For example, the evolution of innate moral abilities within such groups would, no doubt, result in differences in behavior toward insiders and outsiders. As a result, ethnocentrism is, unfortunately, a good candidate to be considered part of our evolutionary inheritance. Such conclusions are not new. In Descent of Man, Darwin included patriotism among the social instincts that would have evolved under conditions of intertribal competition. Some modern versions of Darwin's argument propose that, although differences in culture account for which tribes survive, living in such communities for thousands of generations indirectly selects for individuals with a strong sense of allegiance to the group.

Such loyalty is likely sometimes to conflict with one's self-interest—and self-interest has great sway in most people's behavioral calculus. The resulting dilemmas and debates would seem to spring from more than just different parameters being used by our innate mental machinery for morality. But Moral Minds touches on these thorny issues only fleetingly (in chapter 7).

Whereas the genetic influences on morality are subtle, the raw power of culture is apparent. Over the past few thousand years, cultural innovations have allowed huge increases in the size and complexity of human societies—without any known evolution of the innate components of morality or other inborn cognitive abilities. If people continue to live in complex societies for tens or hundreds of thousands of years, certain mental changes will no doubt evolve. This general argument goes back to an idea James Mark Baldwin and others formulated in the late 19th century: Any form of learning can act as a leading factor in organic evolution. Cultural evolution, in particular, operates rapidly and creates highly novel environments that in turn beget selective pressures on genes.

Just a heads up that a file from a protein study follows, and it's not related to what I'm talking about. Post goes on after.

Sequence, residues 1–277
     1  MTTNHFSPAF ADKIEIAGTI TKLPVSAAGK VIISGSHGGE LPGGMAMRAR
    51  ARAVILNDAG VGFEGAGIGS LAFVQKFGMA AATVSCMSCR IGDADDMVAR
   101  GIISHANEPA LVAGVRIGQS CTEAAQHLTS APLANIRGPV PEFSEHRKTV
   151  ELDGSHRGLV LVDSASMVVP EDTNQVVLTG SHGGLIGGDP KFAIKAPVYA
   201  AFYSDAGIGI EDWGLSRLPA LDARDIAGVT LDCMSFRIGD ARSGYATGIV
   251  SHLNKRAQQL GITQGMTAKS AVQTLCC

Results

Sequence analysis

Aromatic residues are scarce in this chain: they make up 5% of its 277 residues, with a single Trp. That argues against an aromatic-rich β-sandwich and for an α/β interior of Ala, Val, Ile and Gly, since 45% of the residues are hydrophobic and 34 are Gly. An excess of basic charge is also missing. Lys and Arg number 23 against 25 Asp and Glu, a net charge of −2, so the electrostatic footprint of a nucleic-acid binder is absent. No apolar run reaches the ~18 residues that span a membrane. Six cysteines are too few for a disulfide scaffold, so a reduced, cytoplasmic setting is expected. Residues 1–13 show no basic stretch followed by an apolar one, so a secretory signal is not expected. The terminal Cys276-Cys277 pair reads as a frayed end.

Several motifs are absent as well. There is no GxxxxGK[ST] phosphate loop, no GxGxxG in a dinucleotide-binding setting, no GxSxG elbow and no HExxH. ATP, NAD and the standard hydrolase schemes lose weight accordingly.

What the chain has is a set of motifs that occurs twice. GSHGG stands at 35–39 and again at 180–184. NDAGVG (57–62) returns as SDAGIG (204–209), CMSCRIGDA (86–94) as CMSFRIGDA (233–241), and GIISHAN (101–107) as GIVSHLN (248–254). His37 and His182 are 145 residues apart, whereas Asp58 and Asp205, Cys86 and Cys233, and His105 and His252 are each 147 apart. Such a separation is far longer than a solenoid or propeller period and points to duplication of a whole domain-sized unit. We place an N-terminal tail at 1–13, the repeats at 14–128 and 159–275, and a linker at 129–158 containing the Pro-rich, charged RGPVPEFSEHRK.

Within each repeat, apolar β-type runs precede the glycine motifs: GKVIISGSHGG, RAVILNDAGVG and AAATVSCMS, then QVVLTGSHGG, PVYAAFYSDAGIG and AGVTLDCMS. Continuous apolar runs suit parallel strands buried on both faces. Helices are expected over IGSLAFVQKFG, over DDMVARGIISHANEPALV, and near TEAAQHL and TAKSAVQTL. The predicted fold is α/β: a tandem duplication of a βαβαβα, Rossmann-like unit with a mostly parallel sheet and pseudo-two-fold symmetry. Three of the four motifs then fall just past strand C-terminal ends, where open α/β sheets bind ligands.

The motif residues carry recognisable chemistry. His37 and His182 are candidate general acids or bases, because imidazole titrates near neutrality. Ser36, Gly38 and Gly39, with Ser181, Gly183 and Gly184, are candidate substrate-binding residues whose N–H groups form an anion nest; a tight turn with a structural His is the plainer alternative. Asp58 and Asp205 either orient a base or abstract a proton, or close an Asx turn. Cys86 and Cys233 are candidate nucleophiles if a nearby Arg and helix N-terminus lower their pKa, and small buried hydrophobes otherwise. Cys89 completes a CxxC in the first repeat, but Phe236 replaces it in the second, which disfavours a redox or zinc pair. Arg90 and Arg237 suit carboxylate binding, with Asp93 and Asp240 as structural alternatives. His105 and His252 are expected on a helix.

Take the evolution of language. A likely scenario is that cultural evolution created social communities sufficiently complex to favor good communication. Our distant forebears would have made use of whatever rudimentary symbolic capabilities they possessed to develop a crude protolanguage. (From studies teaching chimpanzees to communicate using symbols, we know that such abilities likely existed in our early ancestors.) If the utility of this new form of communication was high—and it apparently was—individuals with an innate gift for mastering language would be favored by natural selection. And as the population gradually became more accomplished in exchanging utterances, further complexities in the language could evolve culturally, ultimately leading to the innate language abilities one sees today—along with a slew of modern languages.